In this edition of first-seasons where The Podium Finish catches up with a motorsports driver past and present, we catch up with former NHRA driver Ashley Force Hood. During the interview, Force discusses what it was like making her debut in Top Alcohol Dragster, what she was racing before then, how she was able to get her first opportunity behind the wheel, setting expectations for herself, and memories of winning her first national race at the U.S. Nationals among many other topics in this edition of first-seasons.
Briar Starr: You made your first Top Alcohol Dragster start at the age of 21, driving for Jerry Darien and Ken Meadows during the 2004 season after making a license run in the 2003 season. Briefly discuss what it was like making your debut at that age and how you got connected with Darien and Meadows which gave you an opportunity to race in Top Alcohol Dragster? Was it a dream come true for you at the time to race in NHRA?
Ashley Force: I grew up in drag racing because of my dad (John Force), so I was very familiar with it. Before A-Fuel, I did a few years in SuperComp. I never did junior drag racing because I was waiting to see if they were going to have a junior Funny Car, but I got to the age, where I could get to a SuperComp. Looking back, I’m bummed I didn’t get to do that, but I do get to do it today with my kids.
When I started in SuperComp, I was going to college. I knew I wanted to go to college no matter what, there was never a question for me. That was the path I knew I wanted to be on. I would make my classes on Monday nights, Tuesdays, Wednesdays, and Thursdays morning class. Shortly thereafter, I could fly out to whatever race I was headed to and do the race weekend. The schedule worked out really during that time of my life, where I could do the schooling, and also on the weekends to go race.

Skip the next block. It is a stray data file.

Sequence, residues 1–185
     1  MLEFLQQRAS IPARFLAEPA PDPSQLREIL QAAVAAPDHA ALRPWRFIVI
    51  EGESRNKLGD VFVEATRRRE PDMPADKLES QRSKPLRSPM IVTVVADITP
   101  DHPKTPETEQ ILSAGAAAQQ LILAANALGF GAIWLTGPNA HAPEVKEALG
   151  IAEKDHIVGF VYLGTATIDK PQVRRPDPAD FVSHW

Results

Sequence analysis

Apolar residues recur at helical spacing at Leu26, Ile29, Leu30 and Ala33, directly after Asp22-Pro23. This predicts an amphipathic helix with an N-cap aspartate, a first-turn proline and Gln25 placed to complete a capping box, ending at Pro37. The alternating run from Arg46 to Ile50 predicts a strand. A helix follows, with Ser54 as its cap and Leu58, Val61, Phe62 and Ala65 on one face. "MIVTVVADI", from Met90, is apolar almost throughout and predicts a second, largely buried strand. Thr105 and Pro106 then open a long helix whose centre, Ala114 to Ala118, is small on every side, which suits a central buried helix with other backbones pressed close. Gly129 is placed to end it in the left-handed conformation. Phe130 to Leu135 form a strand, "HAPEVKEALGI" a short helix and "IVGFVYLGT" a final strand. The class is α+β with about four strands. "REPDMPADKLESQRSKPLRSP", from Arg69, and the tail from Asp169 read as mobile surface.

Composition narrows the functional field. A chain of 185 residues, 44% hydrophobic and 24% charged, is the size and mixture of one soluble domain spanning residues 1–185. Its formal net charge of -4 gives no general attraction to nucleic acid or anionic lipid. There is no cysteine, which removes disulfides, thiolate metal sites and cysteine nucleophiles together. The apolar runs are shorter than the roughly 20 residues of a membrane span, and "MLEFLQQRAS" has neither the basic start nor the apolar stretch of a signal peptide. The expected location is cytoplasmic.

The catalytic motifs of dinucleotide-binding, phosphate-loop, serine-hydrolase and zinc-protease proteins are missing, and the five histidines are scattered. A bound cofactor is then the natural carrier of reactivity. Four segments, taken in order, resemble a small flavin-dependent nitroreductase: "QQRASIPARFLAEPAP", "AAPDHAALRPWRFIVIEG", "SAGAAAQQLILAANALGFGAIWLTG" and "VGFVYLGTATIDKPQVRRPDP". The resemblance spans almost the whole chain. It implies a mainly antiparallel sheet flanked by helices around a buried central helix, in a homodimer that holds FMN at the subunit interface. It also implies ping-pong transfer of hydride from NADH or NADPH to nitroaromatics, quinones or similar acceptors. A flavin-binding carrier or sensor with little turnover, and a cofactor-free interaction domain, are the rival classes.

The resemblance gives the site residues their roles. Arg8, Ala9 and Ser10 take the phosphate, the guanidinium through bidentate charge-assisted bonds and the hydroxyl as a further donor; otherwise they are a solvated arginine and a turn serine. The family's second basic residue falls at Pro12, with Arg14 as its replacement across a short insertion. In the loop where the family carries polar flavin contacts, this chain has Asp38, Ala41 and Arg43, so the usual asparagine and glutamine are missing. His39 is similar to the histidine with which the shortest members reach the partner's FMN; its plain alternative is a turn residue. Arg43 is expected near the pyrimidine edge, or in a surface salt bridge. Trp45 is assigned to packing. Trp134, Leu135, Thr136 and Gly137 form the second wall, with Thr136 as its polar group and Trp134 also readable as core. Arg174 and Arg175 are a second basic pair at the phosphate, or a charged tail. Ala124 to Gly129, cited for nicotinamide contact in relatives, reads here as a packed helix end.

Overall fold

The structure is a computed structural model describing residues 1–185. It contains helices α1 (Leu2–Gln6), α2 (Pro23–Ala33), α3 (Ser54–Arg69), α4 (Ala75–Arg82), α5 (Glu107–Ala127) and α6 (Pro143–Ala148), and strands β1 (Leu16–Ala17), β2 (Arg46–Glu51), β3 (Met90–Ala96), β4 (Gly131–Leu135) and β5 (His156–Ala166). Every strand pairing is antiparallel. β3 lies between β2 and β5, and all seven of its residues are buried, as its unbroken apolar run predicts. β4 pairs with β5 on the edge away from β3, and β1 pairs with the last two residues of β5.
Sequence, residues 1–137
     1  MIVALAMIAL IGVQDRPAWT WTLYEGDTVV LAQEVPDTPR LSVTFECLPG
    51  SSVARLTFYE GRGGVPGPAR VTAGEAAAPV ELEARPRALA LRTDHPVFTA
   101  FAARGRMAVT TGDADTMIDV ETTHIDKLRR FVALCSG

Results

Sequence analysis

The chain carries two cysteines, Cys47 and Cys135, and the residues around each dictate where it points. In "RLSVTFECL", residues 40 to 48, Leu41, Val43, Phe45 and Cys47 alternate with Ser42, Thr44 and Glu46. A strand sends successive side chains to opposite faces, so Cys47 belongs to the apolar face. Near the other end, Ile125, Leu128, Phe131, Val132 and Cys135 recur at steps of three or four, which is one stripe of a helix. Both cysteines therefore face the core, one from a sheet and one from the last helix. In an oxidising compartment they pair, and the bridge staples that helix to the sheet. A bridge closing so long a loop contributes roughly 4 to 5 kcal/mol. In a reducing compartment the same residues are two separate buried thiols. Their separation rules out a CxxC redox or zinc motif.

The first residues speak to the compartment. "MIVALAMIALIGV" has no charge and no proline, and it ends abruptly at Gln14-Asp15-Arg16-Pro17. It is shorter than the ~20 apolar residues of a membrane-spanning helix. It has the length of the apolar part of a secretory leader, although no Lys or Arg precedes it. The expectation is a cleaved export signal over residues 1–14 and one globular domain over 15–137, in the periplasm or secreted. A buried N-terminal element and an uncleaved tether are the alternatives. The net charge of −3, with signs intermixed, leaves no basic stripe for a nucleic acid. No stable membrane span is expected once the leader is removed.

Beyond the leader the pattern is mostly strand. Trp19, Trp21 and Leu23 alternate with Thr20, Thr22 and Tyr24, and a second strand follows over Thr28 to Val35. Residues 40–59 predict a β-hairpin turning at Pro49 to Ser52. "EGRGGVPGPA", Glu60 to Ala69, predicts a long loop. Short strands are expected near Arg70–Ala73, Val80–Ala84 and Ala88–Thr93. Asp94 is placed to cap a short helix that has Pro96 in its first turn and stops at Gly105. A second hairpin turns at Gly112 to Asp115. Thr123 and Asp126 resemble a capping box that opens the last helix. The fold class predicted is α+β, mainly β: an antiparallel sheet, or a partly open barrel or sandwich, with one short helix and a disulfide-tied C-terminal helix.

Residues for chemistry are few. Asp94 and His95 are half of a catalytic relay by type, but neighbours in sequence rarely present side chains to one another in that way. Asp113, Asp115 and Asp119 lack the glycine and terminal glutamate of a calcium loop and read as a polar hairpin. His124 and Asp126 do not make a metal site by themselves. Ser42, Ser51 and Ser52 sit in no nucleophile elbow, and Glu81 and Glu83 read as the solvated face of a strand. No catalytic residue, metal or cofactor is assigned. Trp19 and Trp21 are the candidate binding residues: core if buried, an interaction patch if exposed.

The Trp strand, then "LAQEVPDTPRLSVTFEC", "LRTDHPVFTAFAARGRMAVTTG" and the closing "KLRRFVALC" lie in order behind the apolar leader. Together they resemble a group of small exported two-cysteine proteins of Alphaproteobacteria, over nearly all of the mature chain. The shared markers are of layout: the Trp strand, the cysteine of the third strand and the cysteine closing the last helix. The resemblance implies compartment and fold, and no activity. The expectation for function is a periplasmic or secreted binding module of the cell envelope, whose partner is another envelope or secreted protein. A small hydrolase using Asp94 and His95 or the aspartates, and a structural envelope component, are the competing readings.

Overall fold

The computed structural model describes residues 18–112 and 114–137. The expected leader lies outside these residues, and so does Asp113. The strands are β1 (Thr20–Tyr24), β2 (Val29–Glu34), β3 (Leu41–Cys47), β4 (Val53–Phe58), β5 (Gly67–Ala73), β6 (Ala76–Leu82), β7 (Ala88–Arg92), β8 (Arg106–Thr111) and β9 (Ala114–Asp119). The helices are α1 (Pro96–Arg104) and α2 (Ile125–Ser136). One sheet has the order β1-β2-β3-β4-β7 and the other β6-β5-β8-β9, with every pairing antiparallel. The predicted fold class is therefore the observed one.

After two years in SuperComp, I knew I wanted to move up to A-Fuel, and at the time, it was all the up-and-coming rookie drivers. A lot of them went through Darien and Meadows. That was the team to be on. They were a good spot for newer drivers. My dad is a Funny Car guy through and through, so for him to start an A-Fuel team, it was just not where our company was. Darien and Meadows had a great way of managing their team.
If I can do it all over again, I would. We had a great team and felt comfortable with them. They welcomed me with wide open arms and it was a great experience for me. I was mashed with the right people.
Starr: At age 21, did you feel like you were ready to race on a full-time schedule in the NHRA, especially going full-time right away? Looking back, do you wish you had a part-time schedule in ‘03 before full-time in ‘04, or was going full-time right away the best decision?
Force: For me, the full-time schedule was the way to go. I wasn’t trying to balance a full-time job at home, I was done with school, and I graduated a semester early because I took summer classes. I graduated in January and the racing season started in February. We knew we wanted to be done with school and then go racing. So, that was how we did it.
I just wouldn’t have wanted to do it any other way. To do this, you’re going to commit to the travel and the racing life. I also had sponsors and they wanted to see their car as much as possible. If you’re able to do that, that’s the way to do it. I think it’s because growing up with my dad, he never was a racecar driver who also had a job at home. We never had that. In our whole life, we always raced.